Walking is the number one physical activity in Canada and is one activity that can help you achieve the health benefits described in the Canadian Physical Activity Guidelines and the Canadian Sedentary Behaviour Guidelines .
Toronto Public Health can help you start a community walking group in your agency or workplace.
Starting a Community Walking Group
Toronto Public Health can help you start a community walking group in your agency or workplace by providing:
- Consultation and information on walking
- Training to become walking guides
- A step-by-step guide to help walking guides promote the benefits of walking
People who participate in walking groups are more likely to continue walking regularly. It is also a good way to keep motivated and committed to physical activity.
Things to consider when starting a walking group
It is important to consider the needs and safety of your members before you start a walking group.
Consider the following:
- What is the size and needs of your group? What are their ages and abilities?
- How will you encourage people to join the walking group?
- How often will the group walk?
- What time of day is your group going to walk?
- How many walking guides do you need? It is recommended that you have a minimum of two walking guides for each walk; one guide in the front and one guide in the back of the group. If you have a larger group, additional walking guides may be helpful. The number of guides will also depend on the needs of your group.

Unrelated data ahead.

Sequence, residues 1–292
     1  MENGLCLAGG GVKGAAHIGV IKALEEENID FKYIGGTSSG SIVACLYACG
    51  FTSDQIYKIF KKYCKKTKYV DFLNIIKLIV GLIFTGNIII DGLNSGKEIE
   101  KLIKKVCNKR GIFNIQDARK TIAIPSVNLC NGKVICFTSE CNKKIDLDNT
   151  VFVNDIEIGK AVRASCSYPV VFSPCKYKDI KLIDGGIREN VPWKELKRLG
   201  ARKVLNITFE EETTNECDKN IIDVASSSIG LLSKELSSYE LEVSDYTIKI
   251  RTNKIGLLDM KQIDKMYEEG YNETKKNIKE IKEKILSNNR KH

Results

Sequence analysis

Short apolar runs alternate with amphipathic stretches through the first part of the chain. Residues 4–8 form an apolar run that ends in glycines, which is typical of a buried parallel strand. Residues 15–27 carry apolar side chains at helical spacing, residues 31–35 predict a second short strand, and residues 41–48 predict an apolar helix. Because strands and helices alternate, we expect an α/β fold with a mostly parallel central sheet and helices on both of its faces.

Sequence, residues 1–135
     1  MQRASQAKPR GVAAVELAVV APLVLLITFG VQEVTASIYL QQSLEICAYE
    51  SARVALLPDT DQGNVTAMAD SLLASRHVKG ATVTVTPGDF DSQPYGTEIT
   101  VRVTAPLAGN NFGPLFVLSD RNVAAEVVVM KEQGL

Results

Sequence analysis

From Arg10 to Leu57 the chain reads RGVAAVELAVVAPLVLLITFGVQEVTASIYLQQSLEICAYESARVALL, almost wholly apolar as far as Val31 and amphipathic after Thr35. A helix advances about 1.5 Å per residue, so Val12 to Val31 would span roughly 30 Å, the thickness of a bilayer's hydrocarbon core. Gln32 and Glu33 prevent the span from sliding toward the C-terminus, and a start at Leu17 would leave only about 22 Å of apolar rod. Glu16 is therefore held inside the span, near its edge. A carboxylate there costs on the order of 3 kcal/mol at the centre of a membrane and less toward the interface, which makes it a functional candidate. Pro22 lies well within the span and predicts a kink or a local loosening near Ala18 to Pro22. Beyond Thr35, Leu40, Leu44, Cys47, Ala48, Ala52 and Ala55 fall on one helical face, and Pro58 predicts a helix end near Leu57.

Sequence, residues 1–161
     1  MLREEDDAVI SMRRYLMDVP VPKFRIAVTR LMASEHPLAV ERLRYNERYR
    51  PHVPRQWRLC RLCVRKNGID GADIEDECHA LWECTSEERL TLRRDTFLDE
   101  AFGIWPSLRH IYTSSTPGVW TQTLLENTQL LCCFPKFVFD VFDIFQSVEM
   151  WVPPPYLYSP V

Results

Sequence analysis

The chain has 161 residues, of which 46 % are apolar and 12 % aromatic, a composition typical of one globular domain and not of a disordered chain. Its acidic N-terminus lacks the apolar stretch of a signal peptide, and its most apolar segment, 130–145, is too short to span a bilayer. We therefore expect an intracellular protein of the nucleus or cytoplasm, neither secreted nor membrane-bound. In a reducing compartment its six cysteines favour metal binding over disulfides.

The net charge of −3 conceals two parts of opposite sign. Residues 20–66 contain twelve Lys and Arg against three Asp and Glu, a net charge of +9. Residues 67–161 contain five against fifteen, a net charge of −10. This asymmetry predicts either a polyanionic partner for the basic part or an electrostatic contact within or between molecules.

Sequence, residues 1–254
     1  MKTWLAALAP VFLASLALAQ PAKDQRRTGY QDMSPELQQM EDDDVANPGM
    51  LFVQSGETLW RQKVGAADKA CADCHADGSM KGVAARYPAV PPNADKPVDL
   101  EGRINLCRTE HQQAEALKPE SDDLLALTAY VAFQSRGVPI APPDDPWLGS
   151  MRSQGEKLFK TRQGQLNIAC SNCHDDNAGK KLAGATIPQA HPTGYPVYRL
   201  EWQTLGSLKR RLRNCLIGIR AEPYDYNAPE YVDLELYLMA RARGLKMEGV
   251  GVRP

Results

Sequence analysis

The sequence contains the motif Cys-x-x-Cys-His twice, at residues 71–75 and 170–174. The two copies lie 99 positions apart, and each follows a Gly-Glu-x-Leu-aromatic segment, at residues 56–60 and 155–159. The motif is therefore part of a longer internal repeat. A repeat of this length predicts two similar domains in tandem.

Other things to consider:
- Asking walkers to complete the Get Active Questionnaire or talk to their healthcare provider to determine if they are healthy enough to take part
- Consider using a release form
- Have a plan in place in case of an emergency
- Attend First Aid/CPR training
- Buy and carry a first aid kit
Designing a route
Walking routes need to be safe and easy for walkers to follow.
- Choose a safe place to walk – look for routes that have sidewalks, trails and paths
- Choose routes with interesting things to see – rivers, historical homes or parks
- Base the length of the walk on the ability of the group members
- Check if there are any challenges – stairs, hills, narrow paths or uneven surfaces
- Have a back-up plan to walk indoors during bad weather
- Provide walkers with an accurate description of the walk
- Hand out maps of the route using Toronto Maps